Washington: Researchers have discovered an ancient kitten-sized predator that lived in Bolivia about 13 million years ago - one of the smallest species reported in the extinct order Sparassodonta.
Third-year undergraduate student Russell Engelman and Case Western Reserve anatomy professor Darin Croft made the finding by analyzing a partial skull that had been in a University of Florida collection more than three decades.
Engelman, an evolutionary biology major from Russell Township, Ohio, said the animal would have been about the size of a marten, a catlike weasel found in the Northeastern United States and Canada, and probably filled the same ecological niche.
The researchers refrained from naming the new species mainly because the specimen lackswell-preserved teeth, which are the only parts preserved in many of its close relatives.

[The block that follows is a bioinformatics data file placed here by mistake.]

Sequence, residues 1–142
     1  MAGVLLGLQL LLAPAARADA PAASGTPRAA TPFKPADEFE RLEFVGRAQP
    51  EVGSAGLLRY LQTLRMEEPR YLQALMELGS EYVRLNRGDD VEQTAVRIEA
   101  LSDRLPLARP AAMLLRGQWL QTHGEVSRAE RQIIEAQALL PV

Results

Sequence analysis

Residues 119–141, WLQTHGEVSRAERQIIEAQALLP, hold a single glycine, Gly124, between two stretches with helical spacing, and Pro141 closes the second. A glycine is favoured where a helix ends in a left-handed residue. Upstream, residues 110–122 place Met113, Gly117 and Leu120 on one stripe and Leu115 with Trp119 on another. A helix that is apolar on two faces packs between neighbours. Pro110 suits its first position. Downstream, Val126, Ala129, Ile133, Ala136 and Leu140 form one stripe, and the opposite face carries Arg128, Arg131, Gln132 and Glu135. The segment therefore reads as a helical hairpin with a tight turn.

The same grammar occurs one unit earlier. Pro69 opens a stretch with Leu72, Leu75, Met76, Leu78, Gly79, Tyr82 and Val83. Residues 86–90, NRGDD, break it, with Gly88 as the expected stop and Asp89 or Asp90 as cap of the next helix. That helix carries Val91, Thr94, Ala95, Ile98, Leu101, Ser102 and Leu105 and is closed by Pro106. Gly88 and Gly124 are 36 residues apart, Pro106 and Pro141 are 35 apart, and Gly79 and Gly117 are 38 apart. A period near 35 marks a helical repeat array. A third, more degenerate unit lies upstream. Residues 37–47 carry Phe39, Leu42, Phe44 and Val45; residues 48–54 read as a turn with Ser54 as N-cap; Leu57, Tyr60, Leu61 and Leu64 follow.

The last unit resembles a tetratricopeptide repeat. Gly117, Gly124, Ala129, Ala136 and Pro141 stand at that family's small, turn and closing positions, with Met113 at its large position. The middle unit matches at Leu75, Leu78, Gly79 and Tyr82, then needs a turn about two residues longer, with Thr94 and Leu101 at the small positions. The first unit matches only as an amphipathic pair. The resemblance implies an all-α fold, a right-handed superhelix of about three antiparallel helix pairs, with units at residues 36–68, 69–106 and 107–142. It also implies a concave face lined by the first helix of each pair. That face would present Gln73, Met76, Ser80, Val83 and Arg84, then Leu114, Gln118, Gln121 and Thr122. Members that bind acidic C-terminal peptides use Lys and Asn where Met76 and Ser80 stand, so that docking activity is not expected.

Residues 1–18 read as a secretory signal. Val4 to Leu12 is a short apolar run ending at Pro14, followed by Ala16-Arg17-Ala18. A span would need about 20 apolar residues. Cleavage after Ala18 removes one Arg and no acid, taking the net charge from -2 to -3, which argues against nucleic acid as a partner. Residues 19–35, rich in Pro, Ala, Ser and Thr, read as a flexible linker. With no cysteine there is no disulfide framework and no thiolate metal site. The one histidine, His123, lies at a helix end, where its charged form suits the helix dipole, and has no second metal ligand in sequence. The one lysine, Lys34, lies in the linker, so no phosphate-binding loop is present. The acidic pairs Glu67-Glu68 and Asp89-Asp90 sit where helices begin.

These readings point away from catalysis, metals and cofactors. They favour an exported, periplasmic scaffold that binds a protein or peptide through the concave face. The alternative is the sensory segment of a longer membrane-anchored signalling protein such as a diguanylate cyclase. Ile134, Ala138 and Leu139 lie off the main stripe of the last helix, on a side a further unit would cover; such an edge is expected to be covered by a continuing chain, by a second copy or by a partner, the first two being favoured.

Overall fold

The skull, which would have been a little less than 3 inches long if complete, shows the animal had a very short snout.
A socket, or alveolus, in the upper jaw shows it had large, canines, that were round in cross-section much like those of a meat-eating marsupial, called the spotted-tailed quoll, found in Australia today, the researchers said.
Although sparassodonts are more closely related to modern opossums than cats and dogs, the group included saber-toothed species that fed on large prey. This small Bolivian species probably fed on the ancient relatives of today`s guinea pigs and spiny rats, the researchers said.
The specimen was found in a mountainous site known as Quebrada Honda, Bolivia, in 1978, in rock layers dated 12 million to 13 million years ago.
Structurally, extinct meat-eating opossums and sparassodont skulls share a number of similarities due to their similar meat-eating diet, Engelman said.
The findings have been published online in the Journal of Vertebrate Paleontology.